The NFDC documents referred to our Byelaw Watch surveys within their evidence base for this PSPO.  During six weeks in autumn 2021, the survey reported 150 instances of livestock being fed by the public.  This year, between 25th July 2022 – 31st August 2022,  a Forest wide survey including more than 98 observers, reported 187 instances of livestock being fed and/or petted.  Another 66 instances were recorded in our static snapshot survey of Nine popular car parks on August 29th Bank Holiday Monday 10:00 am – 2:30 pm.

We will be refining our response to the upcoming consultation, but for now we’d note that NFDC might take a page from other councils which alongside similar measures for fires and barbecues, have also banned or restricted fireworks.   Over 190 councils in England have committed to banning sky lanterns, many have included this ban in their PSPO’s.  The National Park says they have banned sky lanterns on their web page on wild fires, but it is unclear if they have any practical way at their disposal to enforce this ban.

The 2018 moorlands fire near Stalybridge destroyed 4,500 acres, killed many farm animals, necessitated evacuation of 150 residents. Troops assisted 15 fire services.  The smoke affected air quality across the north west of England.  The Environment Agency estimated the cost from moorland damage at:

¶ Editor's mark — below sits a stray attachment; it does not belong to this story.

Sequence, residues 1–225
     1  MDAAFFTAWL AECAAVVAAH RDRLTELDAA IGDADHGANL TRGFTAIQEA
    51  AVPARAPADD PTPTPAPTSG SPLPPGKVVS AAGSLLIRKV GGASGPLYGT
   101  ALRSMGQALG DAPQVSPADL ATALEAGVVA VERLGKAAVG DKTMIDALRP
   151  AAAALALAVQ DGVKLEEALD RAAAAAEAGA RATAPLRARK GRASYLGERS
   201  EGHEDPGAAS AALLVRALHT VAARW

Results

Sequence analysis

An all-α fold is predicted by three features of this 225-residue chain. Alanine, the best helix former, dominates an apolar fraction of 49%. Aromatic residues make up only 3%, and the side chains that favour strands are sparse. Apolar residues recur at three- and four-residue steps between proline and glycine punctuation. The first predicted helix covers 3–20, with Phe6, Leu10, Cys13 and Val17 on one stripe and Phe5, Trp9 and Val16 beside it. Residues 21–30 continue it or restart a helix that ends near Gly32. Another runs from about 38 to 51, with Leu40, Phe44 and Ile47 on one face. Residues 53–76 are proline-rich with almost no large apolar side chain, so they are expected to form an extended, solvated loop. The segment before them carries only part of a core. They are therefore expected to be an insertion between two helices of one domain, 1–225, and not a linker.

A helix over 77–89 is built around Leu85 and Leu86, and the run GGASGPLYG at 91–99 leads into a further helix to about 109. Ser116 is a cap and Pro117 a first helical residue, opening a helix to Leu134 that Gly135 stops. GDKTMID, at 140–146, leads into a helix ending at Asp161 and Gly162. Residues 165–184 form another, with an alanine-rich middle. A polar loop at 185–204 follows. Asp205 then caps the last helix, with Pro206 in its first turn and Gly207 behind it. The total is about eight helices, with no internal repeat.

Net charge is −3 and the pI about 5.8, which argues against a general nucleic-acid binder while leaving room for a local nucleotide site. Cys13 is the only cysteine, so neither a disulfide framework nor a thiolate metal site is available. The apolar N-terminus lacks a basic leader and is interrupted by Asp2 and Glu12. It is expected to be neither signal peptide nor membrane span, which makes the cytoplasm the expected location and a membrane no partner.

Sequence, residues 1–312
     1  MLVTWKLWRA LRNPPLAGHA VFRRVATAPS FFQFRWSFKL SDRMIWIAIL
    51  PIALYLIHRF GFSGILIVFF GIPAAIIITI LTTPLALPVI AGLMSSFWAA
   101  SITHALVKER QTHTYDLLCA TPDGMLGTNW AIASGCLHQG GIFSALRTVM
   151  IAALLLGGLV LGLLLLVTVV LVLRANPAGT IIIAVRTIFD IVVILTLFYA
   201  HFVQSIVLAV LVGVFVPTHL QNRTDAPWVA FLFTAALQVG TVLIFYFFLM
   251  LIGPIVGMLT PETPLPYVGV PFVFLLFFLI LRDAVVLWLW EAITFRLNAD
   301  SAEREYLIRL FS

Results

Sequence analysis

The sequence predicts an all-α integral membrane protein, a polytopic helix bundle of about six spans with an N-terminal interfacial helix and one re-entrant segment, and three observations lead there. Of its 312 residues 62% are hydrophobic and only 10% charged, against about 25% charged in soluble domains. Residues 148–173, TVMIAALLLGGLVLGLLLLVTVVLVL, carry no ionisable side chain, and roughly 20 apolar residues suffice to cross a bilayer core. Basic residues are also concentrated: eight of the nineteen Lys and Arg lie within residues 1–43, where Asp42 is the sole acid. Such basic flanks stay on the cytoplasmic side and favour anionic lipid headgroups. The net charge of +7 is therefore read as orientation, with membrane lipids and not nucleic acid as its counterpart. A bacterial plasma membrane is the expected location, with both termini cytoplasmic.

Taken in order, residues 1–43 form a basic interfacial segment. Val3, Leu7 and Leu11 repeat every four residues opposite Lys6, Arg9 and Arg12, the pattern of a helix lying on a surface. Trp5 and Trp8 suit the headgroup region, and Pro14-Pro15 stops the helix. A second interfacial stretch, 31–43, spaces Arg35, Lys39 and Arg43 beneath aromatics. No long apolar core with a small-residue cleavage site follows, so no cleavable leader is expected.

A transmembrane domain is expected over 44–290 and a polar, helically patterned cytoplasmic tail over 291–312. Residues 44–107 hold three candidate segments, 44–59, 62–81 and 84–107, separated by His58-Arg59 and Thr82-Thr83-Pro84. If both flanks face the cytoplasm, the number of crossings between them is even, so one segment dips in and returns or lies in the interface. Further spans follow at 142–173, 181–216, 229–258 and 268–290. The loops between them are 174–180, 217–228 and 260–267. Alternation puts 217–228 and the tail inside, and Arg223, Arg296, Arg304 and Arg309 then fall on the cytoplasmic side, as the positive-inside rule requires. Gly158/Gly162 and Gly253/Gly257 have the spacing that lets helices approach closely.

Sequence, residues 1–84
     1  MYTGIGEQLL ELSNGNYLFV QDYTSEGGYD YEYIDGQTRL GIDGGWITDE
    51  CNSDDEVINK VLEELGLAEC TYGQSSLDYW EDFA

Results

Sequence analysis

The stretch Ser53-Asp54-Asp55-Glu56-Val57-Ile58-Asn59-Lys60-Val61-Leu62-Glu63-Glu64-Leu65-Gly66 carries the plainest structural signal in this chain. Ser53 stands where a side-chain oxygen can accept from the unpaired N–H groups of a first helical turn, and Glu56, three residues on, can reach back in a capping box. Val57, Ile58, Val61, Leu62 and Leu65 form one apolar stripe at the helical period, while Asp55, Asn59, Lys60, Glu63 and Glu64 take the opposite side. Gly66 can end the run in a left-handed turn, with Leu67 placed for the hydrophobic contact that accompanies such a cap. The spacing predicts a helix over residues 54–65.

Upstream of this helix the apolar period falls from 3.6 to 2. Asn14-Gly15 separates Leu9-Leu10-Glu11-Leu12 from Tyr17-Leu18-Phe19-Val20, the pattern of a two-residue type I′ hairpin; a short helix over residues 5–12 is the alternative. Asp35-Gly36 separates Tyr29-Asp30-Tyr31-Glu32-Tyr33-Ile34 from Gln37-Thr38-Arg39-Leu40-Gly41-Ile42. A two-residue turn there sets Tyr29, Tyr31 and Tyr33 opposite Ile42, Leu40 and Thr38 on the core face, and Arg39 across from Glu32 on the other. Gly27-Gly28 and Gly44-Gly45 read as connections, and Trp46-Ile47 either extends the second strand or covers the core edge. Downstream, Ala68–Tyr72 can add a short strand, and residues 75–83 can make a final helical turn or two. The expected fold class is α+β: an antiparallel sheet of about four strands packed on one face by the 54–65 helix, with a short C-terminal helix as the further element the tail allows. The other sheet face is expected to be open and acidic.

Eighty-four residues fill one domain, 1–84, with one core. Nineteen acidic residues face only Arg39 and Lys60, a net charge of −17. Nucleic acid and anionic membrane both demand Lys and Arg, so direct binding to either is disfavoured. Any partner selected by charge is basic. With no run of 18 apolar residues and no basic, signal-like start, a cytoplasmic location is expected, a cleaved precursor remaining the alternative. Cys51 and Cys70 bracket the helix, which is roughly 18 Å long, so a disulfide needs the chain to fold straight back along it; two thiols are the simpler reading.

• 26,281 tonnes of carbon dioxide were released, valued at £1.68 million
  • 15,400 tonnes of carbon sequestration capacity was lost, valued at £3.6 million (capacity to take in and store carbon as peat)
  • 1.9 million tonnes of carbon dioxide (equivalent) is stored in the moor valued at £121 million
  • 7810 tourist visitors per year were lost, valued at £205,000

Afterwards many local authorities in that area (including Tameside, Oldham and High Peak Borough) introduced PSPO’s prohibiting activities carrying a significant risk of causing wildfires: lighting a barbecue, building or lighting any kind of fire, and lighting fireworks or launching sky lanterns carrying an open flame.